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United States v. Goodwin

United States District Court, D. Massachusetts

August 19, 2019

UNITED STATES OF AMERICA,, Plaintiff,
v.
ROY M. GOODWIN, JR., AMY L. BEUKEMA, f/k/a AMY L. GOODWIN, UNIBANK FOR SAVINGS, SHAUGHNESSY CRANE SERVICE, INC., WEBSTER FIVE CENTS SAVINGS BANK, COMMONWEALTH OF MASSACHUSETTS, TOWN OF DOUGLAS, MASSACHUSETTS, TIMUR KHOLODENKO, and PSP, LLC,, Defendants.

          ORDER

          TIMOTHY S. HILLMAN, DISTRICT JUDGE

         Background

          Pursuant to 26 U.S.C. §§ 7401 and 7403, with the authorization and sanction of the Chief Counsel of the Internal Revenue Service, a delegate of the Secretary of the Treasury of the United States, and at the direction of a delegate of the Attorney General of the United States, the United States has brought this action to enforce the federal tax liens that encumber a parcel of real property located at 53 Gilboa Street, Douglas, Massachusetts (the “Property”). Roy M. Goodwin, Jr. (“Goodwin”), Amy L. Beukema, F/K/A Amy L. Goodwin (“Beukema”), Unibank For Savings (“Unibank”), Shaughnessy Crane Service, Inc. (“Shaughnessy”), Webster Five Cents Savings Bank (“Webster”), Commonwealth Of Massachusetts (the “Commonwealth”), Timur Kholodenko (“Kholodenko”), and PSP, LLC (“PSP”) have been named parties because they may have an interest in the Property.[1] The Town of Douglas, Massachusetts (“Douglas”) has been named as a party because it may have a lien on the Property.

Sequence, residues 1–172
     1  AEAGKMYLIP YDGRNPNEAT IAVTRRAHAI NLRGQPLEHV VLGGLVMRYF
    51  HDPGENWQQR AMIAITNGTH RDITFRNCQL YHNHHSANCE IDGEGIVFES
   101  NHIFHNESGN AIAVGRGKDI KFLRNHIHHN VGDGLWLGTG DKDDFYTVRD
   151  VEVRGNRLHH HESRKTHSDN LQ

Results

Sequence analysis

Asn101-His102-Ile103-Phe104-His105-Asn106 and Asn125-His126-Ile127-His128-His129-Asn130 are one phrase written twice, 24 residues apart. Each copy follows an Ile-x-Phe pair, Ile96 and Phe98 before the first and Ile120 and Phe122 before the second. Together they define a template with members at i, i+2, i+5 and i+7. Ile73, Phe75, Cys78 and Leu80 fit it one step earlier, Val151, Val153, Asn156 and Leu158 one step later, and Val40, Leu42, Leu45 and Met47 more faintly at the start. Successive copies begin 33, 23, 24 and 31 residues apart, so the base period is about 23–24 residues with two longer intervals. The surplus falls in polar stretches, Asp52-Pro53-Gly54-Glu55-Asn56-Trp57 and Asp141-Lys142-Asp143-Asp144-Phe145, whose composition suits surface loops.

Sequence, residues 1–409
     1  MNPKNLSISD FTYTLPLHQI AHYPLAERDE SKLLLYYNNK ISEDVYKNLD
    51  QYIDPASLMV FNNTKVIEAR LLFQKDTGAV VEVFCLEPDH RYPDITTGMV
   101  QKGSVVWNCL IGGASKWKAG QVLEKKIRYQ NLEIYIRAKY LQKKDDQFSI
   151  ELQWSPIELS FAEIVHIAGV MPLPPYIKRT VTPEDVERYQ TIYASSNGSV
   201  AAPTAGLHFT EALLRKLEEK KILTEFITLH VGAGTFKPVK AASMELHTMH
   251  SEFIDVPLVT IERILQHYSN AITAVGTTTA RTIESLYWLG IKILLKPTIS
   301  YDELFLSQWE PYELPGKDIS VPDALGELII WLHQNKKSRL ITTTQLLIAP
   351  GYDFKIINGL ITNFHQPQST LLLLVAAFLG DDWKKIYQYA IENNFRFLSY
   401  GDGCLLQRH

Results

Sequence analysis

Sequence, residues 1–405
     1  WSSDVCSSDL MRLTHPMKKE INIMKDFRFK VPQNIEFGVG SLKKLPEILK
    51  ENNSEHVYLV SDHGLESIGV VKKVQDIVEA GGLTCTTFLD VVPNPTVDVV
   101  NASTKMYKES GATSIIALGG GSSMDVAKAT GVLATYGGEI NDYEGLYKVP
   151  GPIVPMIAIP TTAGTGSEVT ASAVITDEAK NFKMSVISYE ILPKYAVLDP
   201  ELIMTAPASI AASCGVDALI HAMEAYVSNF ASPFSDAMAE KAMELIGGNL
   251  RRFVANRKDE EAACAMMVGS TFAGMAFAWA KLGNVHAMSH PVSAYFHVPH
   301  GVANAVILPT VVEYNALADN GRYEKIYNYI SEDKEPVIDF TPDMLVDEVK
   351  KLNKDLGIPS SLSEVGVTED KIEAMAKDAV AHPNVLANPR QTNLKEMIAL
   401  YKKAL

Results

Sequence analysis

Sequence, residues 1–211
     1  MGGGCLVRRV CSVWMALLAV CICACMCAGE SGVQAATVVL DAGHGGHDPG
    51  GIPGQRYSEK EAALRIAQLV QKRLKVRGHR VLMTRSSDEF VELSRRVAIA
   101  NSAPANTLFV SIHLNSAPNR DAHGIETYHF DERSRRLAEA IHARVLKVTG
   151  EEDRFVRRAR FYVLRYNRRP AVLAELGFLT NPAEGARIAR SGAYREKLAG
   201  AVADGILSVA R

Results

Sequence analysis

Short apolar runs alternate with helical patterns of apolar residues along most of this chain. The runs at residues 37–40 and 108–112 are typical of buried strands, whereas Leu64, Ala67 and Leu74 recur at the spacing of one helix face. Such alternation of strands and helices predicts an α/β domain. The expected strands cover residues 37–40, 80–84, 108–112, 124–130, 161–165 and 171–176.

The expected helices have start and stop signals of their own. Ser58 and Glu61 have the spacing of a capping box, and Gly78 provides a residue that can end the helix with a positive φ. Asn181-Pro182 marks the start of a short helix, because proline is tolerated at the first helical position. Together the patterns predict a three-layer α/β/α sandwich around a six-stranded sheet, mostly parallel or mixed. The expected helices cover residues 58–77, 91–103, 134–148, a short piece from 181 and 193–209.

On September 21, 2018, I issued an order denying Beukema's Motion To Dismiss Timur Kholodenko. See Memorandum of Decision and Order dated September 21, 2018 (Docket No. 50)(“Prior Order”). This Order addresses Defendant Amy Beukema's Renewed Motion to Dismiss Timur Kholodenko As a Party and to Discharge the Interest of Timur Kholodenko (Docket No. 56). For the reasons set for the below, that motion is granted.

         Discussion [2]